7. Burnished Pd can be expected to produce LENR when used as the cathode during electrolysis and gas discharge, as well as when the gas loading method of Mizuno is used.


(1) Mizuno, T. and J. Rothwell Increased Excess Heat from Palladium Deposited on Nickel (Preprint) in The 22nd International Conference for Condensed Matter Nuclear Science ICCF-22. 2019. Assisi, Italy.,

(2) Storms, E. How Basic Behavior of LENR can Guide A Search for an Explanation. JCMNS 2016, 20, 100.

Storms, E. K. A Theory of LENR Based on Crack Formation. Infinite Energy 2013, 19 (112), 24.

Storms, E. K. An Explanation of Low-energy Nuclear Reactions (Cold Fusion). J.Cond. Matter Nucl. Sci. 2012, 9, 85.

(3) Storms, E. Anomalous Energy Produced by PdD. JCMNS 2016, 20, 81.

(4) McKubre, M. C. H.; Crouch-Baker, S.; Riley, A. M.; Smedley, S. I.; Tanzella, F. L. Third International Conference on Cold Fusion, “Frontiers of Cold Fusion”, Held at: Nagoya Japan, 1992; p 5.

Castagna, E.; Sansovini, M.; Lecci, S.; Rufoloni, A.; Sarto, F.; Violante, V.; Knies, D.; Grabowski, K. S.; Hubler, G. K.; McKubre, M. al. 14th International Conference on Condensed Matter Nuclear Science, Washington, DC, 2008; p 444.

(5) Storms, E. In ICCF-21 Fort Collins, CO, 2018.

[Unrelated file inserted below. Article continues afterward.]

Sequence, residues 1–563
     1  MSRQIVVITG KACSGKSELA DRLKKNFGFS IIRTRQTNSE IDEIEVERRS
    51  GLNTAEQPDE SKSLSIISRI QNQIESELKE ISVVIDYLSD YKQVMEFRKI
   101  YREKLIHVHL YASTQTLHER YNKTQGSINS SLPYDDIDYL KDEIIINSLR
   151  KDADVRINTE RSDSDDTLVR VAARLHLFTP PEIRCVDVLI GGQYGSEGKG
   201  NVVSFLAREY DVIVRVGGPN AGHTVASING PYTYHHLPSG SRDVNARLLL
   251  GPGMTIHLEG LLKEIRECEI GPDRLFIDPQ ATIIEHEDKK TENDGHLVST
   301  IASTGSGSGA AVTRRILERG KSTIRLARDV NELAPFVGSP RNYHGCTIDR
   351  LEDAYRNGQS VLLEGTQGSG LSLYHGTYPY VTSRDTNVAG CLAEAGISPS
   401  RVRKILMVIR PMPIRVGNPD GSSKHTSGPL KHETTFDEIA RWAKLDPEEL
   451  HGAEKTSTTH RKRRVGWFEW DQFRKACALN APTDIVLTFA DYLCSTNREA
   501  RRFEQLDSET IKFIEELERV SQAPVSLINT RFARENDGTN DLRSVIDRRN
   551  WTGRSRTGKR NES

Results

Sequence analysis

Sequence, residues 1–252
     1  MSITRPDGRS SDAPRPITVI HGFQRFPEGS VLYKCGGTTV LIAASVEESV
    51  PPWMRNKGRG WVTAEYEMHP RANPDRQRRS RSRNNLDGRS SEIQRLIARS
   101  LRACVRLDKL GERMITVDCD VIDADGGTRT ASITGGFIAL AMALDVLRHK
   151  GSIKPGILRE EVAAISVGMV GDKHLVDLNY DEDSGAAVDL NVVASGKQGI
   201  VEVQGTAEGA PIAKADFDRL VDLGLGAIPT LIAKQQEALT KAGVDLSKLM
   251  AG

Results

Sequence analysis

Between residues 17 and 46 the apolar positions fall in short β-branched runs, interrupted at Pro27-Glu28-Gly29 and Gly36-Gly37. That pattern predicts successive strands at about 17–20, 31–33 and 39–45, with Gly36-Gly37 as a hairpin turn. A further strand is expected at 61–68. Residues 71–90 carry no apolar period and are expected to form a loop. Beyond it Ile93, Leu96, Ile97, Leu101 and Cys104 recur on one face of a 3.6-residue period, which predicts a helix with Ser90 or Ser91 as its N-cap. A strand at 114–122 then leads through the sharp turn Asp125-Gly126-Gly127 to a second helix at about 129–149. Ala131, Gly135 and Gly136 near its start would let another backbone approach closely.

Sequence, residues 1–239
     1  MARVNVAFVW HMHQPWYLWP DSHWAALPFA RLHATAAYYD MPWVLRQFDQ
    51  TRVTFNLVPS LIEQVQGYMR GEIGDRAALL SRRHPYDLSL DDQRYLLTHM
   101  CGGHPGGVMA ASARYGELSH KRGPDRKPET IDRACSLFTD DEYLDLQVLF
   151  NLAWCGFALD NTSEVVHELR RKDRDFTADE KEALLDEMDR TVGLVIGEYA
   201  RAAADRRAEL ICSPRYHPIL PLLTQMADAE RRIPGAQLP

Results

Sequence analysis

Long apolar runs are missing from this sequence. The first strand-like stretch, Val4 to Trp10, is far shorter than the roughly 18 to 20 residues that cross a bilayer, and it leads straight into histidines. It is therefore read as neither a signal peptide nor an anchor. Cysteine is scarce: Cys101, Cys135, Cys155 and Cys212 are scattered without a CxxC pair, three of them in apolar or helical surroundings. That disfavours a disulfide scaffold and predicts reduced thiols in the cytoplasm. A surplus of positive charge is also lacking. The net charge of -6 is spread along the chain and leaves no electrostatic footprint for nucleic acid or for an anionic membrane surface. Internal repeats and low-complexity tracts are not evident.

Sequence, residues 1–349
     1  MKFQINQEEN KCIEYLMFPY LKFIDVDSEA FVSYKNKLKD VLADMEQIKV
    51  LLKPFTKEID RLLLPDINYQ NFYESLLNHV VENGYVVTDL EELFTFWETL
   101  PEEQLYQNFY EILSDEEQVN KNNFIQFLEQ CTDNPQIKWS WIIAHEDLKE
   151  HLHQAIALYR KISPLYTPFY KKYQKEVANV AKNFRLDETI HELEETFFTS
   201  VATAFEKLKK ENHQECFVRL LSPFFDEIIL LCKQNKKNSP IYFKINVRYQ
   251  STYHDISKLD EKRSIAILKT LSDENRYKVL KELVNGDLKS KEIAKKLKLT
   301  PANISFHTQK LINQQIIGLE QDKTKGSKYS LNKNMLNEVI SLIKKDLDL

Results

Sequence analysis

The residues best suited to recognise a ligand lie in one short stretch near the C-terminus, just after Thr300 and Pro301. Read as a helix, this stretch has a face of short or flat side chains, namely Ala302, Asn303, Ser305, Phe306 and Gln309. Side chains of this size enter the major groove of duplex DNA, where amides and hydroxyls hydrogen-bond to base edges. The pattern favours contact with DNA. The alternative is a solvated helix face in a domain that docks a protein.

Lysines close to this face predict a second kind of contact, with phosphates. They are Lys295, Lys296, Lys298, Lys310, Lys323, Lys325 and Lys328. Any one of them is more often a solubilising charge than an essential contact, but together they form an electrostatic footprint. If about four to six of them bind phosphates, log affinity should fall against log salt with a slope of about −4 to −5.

Relationship between the burnishing process used by Mizuno
and the Storms theory of NAE formation
[.pdf] by Edmund Storms Kiva Labs, Santa Fe, NM (8/1/19)

Locating the NAE

The search for the Nuclear Active Environment, the set of material conditions that causes LENR is a now a thirty-year pursuit and condensed matter nuclear scientists still debate where exactly the reaction takes place in the material to generate heat and transmutations.

To this day, few agree, and yet, without knowing the location of the reaction, engineering efforts are stymied in finding a recipe that both initiates and scale the effects.

Undoubtedly, the sheer number of LENR effects adds confusion. Is there one LENR mechanism able to explain all the different observable phenomenon? The preponderance of LENR models and theories certainly challenges this idea.

“Nature would not go about creating a variety of mechanisms to cause something so extraordinary and so rare,” says Edmund Storms. “Indeed, nature is known to be very stingy in finding the fewest number of ways of doing something and getting the job done. It’s called Occam’s Razor. The idea is that the simplest explanation is probably the more correct one.”